World Jr. The Championship’s Player of the Game awards feature art from 4 Wabanaki artists
Four artists have piled in hundreds of hours of work over the past month, all in an effort to showcase their art at this year’s World Junior Hockey Championships in Halifax and Moncton
Lorne Julien of Millbrook First Nation, 61 kilometers north of Halifax, wanted to honor his family’s connection to Mi’kmaq hockey sticks. The Mi’kmaw are believed to have made the first modern hockey sticks.
Julien’s research shows that his great-grandfather, Joseph Julien, once worked as part of a collective in the early 1900s to fill an order for 12,000 hockey sticks for Eaton’s.
Now he hopes his family’s history will be carried forward when one of his sticks is presented to a “player of the game” winner.
“It feels great because these sticks will be treasured forever,” Julien said.
Between Monday and January 5, 2023, teams from around the world will play in 31 games in the 2023 International Ice Hockey World Junior Championship. One player from each team will be recognized as “Player of the Game” and take home a prize package – including a hand-painted stick .
Each stick features Wabanaki motifs, eagle depictions, and each one shares its own story. Julien and three other artists from Atlantic Canada were selected to create the awards.
Emma Hassencahl-Perley, a Wolastoqey artist from Neqotkuk, Tobique First Nation 123 kilometers northwest of Fredericton, said her design honors birch bark art from the region, something she is proud to take to the world stage.
“Our art needs to be everywhere,” said Hassencahl-Perley, 27. “It’s a reflection of who we are, it’s where we come from, it’s our visual language, and it’s deserved.”
The Wabanaki Confederacy consists of the Wolastoqey, Mi’kmaq, Abenaki, Peskotomuktahi, and Penosbcot.
She said in the world of Indigenous art, sometimes work from Atlantic Canada gets lost. But the international tournament gives a chance for the whole world to appreciate the design.
Hassencahl-Perley said that the moment one of those players receives a trophy designed by her, she will feel happy.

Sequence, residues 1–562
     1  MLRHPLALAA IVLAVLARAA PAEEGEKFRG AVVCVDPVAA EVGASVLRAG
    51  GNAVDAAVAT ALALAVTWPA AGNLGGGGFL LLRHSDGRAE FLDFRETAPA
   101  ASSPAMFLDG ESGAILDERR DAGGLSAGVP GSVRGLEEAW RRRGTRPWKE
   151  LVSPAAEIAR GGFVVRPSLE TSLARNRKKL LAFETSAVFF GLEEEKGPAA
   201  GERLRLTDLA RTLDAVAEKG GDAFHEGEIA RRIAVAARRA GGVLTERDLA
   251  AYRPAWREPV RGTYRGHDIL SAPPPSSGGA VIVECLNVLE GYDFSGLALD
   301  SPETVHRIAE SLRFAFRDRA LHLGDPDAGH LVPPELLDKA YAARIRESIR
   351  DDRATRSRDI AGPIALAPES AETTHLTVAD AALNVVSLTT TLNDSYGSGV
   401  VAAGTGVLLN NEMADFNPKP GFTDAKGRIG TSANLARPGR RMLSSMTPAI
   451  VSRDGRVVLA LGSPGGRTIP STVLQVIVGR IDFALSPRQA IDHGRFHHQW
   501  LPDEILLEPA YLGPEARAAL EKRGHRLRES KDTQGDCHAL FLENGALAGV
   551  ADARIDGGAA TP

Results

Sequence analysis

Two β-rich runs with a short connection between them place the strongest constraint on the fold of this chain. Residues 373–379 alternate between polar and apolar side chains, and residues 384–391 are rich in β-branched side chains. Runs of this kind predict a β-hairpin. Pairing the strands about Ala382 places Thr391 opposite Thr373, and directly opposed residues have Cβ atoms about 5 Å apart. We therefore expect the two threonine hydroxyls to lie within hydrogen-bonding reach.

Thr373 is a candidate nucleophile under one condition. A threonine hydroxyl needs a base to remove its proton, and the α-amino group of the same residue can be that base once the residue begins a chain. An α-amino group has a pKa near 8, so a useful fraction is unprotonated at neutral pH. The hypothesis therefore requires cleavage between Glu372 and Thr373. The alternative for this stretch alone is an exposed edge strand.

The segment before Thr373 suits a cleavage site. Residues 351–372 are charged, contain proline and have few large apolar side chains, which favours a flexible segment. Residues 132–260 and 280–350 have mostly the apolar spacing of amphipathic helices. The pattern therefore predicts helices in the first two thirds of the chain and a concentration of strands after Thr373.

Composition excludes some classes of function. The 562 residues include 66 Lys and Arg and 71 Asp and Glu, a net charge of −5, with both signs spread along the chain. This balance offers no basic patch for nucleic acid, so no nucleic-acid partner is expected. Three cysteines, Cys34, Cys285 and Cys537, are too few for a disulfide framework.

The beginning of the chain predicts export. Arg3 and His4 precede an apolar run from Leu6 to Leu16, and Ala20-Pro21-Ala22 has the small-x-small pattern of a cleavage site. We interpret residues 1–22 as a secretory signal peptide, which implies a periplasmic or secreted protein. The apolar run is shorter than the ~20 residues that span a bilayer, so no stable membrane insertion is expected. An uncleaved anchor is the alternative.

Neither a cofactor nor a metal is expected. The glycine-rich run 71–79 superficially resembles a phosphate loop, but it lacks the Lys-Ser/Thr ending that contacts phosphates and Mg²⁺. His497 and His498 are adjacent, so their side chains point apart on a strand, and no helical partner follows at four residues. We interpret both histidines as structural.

“It’s like an honor for me at the same time that they receive an honor for their dedication and for achieving their goals,” Hassencahl-Perley said.
Robin Paul, a Qalipu Mi’kmaw artist from Newfoundland, lives in Welamukotuk, Oromoctou First Nation, 12 miles southeast of Fredericton. She designed a stick with an eagle that carries the seven grandfather teachings: courage, love, wisdom, respect, truth, humility and honesty.
She said the artists had a week after being selected to paint 20 sticks each, and she spent between 10 and 15 hours a day working to finish her work.
Finishing them, she said, was a testament to her commitment.
“I’m so proud of how far I was able to get with my artwork, I didn’t think I’d be doing anything like this,” Paul, 40, said.
Paul’s sons played hockey and the sport was a great way to bring her family together. It filled her with pride to watch the World Junior Hockey Championships take a moment to showcase the original talent.
“To have a focus on local indigenous communities is just a great honour,” said Paul.
For Natalie Sappier, a Wolastoqey artist also from Neqotkuk, painting the sticks was a way to honor her hockey-playing family.
“I think of hockey as a community, when we get together, there’s always laughter, and it just symbolizes so much,” Sappier, 40, said.
Being selected filled her with joy and pride, she said, but she’s also grateful for the chance to make her community proud.
“I paint for my people, I paint for our land and our water,” Sappier said
The International Ice Hockey Federation (IIHF) partnered with Mawi’Art: Wabanaki Artist Collective to identify local talent.
Originally they were looking for a Mi’kmaw artist and a Wolastoqey artist, but the board accepted all four applications they received based on the talent they saw.
Grant MacDonald, head of the local IIHF event in 2023, said inclusive Indigenous talent and stories were part of local bids offer to host the games.
He said the IIHF wanted to remind people of the Mi’kmaw’s connection to the sport.
“We want to educate and we want people to understand that this sport has some unique roots in this part of the world,” MacDonald said.